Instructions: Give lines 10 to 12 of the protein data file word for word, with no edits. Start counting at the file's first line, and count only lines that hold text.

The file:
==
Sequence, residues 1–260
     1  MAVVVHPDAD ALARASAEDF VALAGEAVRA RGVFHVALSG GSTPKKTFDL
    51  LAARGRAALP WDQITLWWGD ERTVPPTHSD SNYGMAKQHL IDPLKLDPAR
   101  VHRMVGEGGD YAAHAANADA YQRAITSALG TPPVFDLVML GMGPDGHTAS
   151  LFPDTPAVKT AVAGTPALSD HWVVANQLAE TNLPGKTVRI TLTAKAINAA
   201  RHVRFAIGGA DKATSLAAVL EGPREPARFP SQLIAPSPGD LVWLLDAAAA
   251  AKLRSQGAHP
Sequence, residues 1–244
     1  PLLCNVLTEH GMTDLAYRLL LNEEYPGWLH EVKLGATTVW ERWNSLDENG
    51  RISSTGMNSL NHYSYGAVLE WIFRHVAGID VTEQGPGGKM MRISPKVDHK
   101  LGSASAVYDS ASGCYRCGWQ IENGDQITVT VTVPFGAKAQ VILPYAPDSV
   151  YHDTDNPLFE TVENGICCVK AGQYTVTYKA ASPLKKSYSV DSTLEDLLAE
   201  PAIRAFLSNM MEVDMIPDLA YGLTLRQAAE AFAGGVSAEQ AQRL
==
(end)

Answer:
    51  RISSTGMNSL NHYSYGAVLE WIFRHVAGID VTEQGPGGKM MRISPKVDHK
   101  LGSASAVYDS ASGCYRCGWQ IENGDQITVT VTVPFGAKAQ VILPYAPDSV
   151  YHDTDNPLFE TVENGICCVK AGQYTVTYKA ASPLKKSYSV DSTLEDLLAE